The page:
I know, it’s late, but I’m going to do my Christmas shopping through a catalog. Those who, like me, count themselves among the elite, sociologically, economically, culturally, and of course astrologically, will know the catalog of which I speak. In a word, and a very good word it is, I speak of Orvis.
This year’s Orvis catalog guarantees delivery to their high-class clientele if they receive their orders by December 20. This gives me just less than an hour and a half to send in my order if I am to finagle my guaranteed delivery.
My spouse has just called my attention to the fact that Orvis simply guarantees a delivery but doesn’t guarantee that delivery by Christmas. Oh? I say. Is that tidbit of any moment to me? She says yes, but. You don’t mind, she goes on, if your gift to me arrives too late for Christmas? Aha! I say. This is my gift to myself, and I go on to point out that the catalog I hold in my hand is for me, if the phrase “Gifts for Men” has any meaning. Besides, I say as I launch my search for self-gratification by going directly to page 6, I won’t be needing this canoe until May at the earliest. And I show her the picture. She glances at the picture but immediately points to the fine print, which shows that this 16-foot long masterwork can be had for $1,200. No problem, is my retort, but before I can point out to her that we count ourselves among the elite, economically, she huffs herself out of the room, uttering a curse followed by a snort. I can hear her mutter words to the effect that I’m not even a fisherman.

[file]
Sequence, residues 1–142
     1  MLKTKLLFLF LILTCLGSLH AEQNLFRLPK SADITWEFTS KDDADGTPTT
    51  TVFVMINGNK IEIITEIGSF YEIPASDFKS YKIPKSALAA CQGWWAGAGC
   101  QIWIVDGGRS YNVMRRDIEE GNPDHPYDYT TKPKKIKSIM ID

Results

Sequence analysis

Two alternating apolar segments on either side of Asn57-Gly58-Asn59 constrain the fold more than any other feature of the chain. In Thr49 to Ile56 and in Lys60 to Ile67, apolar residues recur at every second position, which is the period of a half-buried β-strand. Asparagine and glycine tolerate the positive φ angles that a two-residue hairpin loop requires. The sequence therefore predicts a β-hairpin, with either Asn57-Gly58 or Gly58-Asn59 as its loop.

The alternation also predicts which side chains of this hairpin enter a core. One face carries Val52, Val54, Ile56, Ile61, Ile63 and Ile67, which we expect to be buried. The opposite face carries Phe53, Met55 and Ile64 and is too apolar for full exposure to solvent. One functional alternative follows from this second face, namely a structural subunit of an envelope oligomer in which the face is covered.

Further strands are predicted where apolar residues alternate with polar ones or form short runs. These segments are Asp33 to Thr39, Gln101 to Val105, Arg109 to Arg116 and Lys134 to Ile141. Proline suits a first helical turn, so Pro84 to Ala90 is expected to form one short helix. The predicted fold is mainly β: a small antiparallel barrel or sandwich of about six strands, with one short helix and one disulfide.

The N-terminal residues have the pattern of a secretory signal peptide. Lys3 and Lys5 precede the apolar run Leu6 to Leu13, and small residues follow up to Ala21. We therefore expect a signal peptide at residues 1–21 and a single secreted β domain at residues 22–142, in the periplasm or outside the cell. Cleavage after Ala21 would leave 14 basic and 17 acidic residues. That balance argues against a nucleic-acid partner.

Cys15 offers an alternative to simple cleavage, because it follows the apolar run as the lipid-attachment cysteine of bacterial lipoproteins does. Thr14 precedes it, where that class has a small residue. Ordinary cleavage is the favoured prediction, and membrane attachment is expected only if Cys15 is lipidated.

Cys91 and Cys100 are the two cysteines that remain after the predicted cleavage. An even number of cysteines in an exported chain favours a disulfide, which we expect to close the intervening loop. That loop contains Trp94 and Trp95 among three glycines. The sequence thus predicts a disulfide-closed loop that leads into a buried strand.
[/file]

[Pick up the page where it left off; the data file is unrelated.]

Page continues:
Ignoring her minor tantrum, I continue to page through the dreamworld in search of a more modest gift. On the very next page I find it: a handpainted canoe paddle, which can be had for only $498. With what I must admit is a bit of bravado, I call after my spouse with this news, only to discover that she has just left the house.
Okay, I tell myself, I see her point. A paddle without a canoe is as useless as – and here I render one of her favorite quotes – a husband without a wife.
I continued flipping the pages. On page 12 I am enthralled by a picture featuring a pair of ducks. These items are crafted by Colorado artist Tim Bergren from “reclaimed Rocky Mountain homestead fence posts.” A large ducklike fencepost will run you only $239. A small or medium one will run you less, but as a member of the elite can I bear the thought of going for anything less than a large one? Colorado artist! Reclaimed Rocky Mountain homestead fence post! It would make my culturally elite spouse so proud!
Two pages hence I encounter a gift even more auspicious: completely handmade feather ties! And brackish feather ties at that! They come in both bow and neck varieties, with the bow available in Royal Wulff, eddy, chukka, guinea fowl, pheasant, and green pond, and the necktie available in the latter two. Whatever your choice, the cost is minimal: $195 a tie. I drool. I can hardly wait to show these choices to my spouse (did I mention that she fancies herself as among the culturally elite?).
Another two pages and I find the finest of all these gifts: pint glasses, emblazoned with the wisdom of the ancients (Plato or Aristotle, perhaps King David; I can’t be sure): “It’s not really drinking alone if … the dog is home.” A set of four will set you back a mere $59.
Wondering when, or even whether, my spouse will come home, I call my three best friends and invite them and their hounds over for a fine philosophical chat.